‘What they used to call Lags’ Luck when I was in prison,’ he said as he switched off the engine.
‘Never mind that,’ I said. ‘Let’s have that wheel off and the spare on and out of here double quick. I’ve somehow got a feeling that it’s healthier to stay on the move.’
Binnie handled the jack while I got the spare out of the boot. As I wheeled it round to him, a Land-Rover passed
us going towards Plumbridge. It vanished into the mist, but a moment kter reappeared, reversing towards us.
The driver got out and came round to join us. He was no more than eighteen or nineteen. A lance-corporal in the Royal Corps of Transport.
He saluted smartly. ‘Anything I can do, sir?’
His attitude was natural enough at the sight of a Major getting his hands dirty. I made the first mistake by trying to get rid of him. ‘No, everything’s under control, Corporal, off you go.’
There was a flicker of surprise in his eyes. He hesitated, then leaned down to Binnie who reacted violently. ‘You heard what he said, didn’t you ? Clear off.’
It was an understandable reaction to stress, but delivered as it was in that fine Kerry accent of his, it compounded my original error.
The corporal hesitated, seemed about to speak, then thought better of it. He saluted punctiliously, then moved back to the Land-Rover. He started to get inside, or so it seemed, then turned and I saw that he was holding a Sterling.
‘I’d like to see your identity card if you don’t mind, sir,’ he said firmly.
‘Now look here/ I said.
Binnie straightened slowly and the lad, who knew his business, I’ll say that for him, said, ‘Hands on top of the car.’
Cork walked straight towards him, a puzzled smile on his face. Tor heaven’s sake, young man/ he said, ‘control yourself. You’re making a terrible mistake.’
‘Stand back,’ the young corporal said. ‘I warn you.’
But he had hesitated for that one fatal second that seemed to give Cork his opportunity. He flung himself forward, clutching at the Sterling. There was the briefest of struggles. I had already taken a couple of strides to join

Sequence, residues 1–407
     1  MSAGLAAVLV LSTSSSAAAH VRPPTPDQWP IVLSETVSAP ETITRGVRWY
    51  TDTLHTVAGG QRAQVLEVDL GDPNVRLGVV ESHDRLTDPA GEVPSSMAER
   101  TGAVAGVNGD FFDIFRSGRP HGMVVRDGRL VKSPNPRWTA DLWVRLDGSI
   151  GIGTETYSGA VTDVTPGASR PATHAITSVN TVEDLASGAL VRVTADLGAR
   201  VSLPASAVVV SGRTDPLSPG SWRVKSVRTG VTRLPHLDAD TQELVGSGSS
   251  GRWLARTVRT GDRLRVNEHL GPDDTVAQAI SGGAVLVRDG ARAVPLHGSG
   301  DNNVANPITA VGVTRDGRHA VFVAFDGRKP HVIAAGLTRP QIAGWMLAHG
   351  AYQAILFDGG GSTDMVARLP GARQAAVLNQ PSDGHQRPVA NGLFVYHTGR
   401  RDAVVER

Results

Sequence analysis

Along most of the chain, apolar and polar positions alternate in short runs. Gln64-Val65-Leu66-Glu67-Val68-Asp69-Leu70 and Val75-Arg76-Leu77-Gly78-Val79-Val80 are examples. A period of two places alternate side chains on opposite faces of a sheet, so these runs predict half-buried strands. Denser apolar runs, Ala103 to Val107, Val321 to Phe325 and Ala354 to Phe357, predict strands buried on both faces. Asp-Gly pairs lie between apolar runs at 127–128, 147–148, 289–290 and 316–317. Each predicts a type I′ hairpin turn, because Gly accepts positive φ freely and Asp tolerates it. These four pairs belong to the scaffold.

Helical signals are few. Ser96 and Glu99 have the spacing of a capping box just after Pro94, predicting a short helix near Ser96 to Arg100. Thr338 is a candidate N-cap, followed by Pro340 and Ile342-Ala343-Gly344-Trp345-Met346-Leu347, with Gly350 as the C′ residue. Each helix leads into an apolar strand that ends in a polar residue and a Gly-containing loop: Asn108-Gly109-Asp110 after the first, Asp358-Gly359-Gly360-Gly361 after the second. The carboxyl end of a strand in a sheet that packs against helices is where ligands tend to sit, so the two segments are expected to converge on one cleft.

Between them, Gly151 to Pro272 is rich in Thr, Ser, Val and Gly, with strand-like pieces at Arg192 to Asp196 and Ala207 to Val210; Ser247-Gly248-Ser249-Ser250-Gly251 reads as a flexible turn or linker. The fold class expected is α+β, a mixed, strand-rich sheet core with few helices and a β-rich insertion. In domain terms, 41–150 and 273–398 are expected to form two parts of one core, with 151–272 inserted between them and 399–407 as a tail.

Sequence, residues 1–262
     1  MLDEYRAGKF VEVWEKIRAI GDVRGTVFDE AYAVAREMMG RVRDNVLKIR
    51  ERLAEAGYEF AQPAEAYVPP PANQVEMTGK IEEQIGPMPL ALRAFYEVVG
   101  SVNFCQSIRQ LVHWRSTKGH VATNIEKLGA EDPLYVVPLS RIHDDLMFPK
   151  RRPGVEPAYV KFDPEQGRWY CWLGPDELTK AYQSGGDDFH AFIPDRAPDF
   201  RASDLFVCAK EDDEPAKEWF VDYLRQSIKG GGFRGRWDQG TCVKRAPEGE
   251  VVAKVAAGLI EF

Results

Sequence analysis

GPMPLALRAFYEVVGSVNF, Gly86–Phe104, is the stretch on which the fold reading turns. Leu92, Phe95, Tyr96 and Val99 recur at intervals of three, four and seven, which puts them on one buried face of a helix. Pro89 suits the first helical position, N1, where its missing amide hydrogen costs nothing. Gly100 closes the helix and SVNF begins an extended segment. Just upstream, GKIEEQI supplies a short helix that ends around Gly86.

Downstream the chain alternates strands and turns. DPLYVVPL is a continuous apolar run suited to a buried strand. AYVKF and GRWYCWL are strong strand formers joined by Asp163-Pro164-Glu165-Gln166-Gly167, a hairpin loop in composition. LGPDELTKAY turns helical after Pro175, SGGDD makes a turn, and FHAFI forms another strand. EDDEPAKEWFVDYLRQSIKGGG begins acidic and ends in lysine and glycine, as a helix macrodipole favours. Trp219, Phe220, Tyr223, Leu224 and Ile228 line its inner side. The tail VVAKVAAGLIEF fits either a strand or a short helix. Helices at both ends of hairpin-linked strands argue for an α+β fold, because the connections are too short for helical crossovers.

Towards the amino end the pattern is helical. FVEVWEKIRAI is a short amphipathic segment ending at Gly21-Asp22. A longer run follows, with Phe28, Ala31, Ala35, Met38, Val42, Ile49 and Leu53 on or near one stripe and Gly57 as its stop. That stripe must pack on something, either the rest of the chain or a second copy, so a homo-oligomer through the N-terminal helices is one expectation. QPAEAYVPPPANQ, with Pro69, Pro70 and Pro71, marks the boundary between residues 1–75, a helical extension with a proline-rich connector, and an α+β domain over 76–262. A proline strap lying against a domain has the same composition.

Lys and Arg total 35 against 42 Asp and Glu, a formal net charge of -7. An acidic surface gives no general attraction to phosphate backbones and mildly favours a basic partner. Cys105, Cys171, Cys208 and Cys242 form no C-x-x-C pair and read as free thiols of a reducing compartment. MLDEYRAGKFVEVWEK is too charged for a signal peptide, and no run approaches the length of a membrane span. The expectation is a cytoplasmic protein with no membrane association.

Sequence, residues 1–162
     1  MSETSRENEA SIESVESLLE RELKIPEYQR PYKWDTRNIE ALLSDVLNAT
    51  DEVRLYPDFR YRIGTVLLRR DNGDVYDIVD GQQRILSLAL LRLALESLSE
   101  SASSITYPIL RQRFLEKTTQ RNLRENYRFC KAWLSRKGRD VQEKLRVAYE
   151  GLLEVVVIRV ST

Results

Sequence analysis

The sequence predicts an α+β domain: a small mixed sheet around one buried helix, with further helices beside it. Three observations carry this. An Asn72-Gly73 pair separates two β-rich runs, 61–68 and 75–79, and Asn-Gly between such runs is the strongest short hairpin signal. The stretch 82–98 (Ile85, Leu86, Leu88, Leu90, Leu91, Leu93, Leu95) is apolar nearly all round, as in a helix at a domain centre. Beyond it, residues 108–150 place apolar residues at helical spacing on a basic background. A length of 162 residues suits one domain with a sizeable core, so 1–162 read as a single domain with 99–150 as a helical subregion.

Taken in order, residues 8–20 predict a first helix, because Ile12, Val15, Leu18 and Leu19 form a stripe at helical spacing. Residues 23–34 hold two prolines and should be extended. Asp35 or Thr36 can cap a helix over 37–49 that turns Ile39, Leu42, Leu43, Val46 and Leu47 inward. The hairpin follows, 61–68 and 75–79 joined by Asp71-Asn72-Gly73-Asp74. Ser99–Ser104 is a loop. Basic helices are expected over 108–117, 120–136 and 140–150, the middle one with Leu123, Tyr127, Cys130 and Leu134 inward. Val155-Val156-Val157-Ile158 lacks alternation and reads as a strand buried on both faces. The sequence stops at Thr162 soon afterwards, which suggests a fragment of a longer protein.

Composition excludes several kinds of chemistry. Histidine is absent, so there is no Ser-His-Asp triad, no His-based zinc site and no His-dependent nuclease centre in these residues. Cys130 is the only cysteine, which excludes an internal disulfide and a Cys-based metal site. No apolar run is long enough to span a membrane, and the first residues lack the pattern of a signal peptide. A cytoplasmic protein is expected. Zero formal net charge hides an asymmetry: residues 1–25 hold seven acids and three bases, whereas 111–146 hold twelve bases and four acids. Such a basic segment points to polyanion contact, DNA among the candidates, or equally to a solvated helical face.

him when there was a single shot. Cork staggered back with a terrible cry and fell on his back.
I put a fist into the corporal’s stomach and a knee in his face as he doubled over that laid him unconscious at the side of the Land-Rover and was better than a bullet in the head from Binnie.
He was already on his knees beside Cork, who was obviously in great pain and barely conscious, blood on his lips. I ripped open the front of his cassock and looked inside. It was enough.
‘Is it bad ?’ Binnie demanded.
‘Not good. From the looks of it, I’d say he’s been shot through the lungs. He needs a doctor badly. Where’s the nearest hospital ? Stramore ?’
‘And life imprisonment if he pulls through ?’ Binnie said.
‘Have you got a better idea ?’
‘We could try to get him over the border into the Republic.’
“That’s crazy. Even if we could pull it off, it’s too far. There isn’t time. He needs skilled treatment as soon as possible.’
‘Twelve miles,’ he said, clutching my flak jacket. ‘That’s all, and I know a farm track south of Clady that runs clear into the Republic. There’s a hospital no more than three miles on the other side run by the Little Sisters of Pity. They’ll take him in.’
One thing was certain. Another vehicle might appear from the mist at any moment so whatever we were going to do had to be done fast ‘Right, get him into the Land-Rover,’ I said.
We lifted him in between us, putting him out of sight behind the rear seat, then I got out again, knelt beside the unconscious corporal and tied his hands behind his back with his belt.
Binnie joined me as I finished. ‘What are we going to do with him?’
‘We’ll have to take him with us. Can’t afford to have anybody find him too soon.’
Binnie’s anger boiled over suddenly and he kicked the unconscious man in the side. ‘If he got his deserts, I’d put a bullet in him.’